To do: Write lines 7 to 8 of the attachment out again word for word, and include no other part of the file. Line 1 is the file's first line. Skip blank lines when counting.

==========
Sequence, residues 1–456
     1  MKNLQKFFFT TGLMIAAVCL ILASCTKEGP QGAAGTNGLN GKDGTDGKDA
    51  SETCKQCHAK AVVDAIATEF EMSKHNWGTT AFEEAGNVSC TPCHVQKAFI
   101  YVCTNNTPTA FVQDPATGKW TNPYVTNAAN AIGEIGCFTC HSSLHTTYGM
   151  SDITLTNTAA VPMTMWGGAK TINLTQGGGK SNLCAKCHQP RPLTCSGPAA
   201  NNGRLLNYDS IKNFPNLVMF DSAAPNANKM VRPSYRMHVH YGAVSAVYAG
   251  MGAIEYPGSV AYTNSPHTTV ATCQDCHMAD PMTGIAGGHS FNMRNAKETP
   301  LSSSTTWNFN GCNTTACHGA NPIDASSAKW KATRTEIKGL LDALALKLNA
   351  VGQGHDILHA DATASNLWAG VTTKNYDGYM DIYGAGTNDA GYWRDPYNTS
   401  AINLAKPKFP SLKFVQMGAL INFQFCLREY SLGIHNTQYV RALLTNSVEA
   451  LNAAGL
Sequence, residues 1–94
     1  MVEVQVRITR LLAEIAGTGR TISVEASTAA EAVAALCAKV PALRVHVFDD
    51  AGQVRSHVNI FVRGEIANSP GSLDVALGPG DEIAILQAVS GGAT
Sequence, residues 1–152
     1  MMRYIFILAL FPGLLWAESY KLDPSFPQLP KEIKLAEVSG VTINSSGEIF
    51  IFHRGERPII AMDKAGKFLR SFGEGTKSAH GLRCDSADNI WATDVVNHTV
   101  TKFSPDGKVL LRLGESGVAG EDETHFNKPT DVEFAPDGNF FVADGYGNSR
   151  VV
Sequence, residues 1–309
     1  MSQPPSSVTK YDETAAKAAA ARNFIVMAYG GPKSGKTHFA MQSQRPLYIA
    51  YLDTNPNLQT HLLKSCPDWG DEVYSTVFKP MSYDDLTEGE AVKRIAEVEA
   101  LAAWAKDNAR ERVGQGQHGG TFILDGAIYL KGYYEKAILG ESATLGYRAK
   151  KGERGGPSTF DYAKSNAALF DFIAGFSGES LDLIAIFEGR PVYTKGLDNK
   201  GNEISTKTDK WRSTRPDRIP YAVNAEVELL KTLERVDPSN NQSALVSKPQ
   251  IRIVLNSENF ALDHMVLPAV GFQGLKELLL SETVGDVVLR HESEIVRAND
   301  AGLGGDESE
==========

   251  MGAIEYPGSV AYTNSPHTTV ATCQDCHMAD PMTGIAGGHS FNMRNAKETP
   301  LSSSTTWNFN GCNTTACHGA NPIDASSAKW KATRTEIKGL LDALALKLNA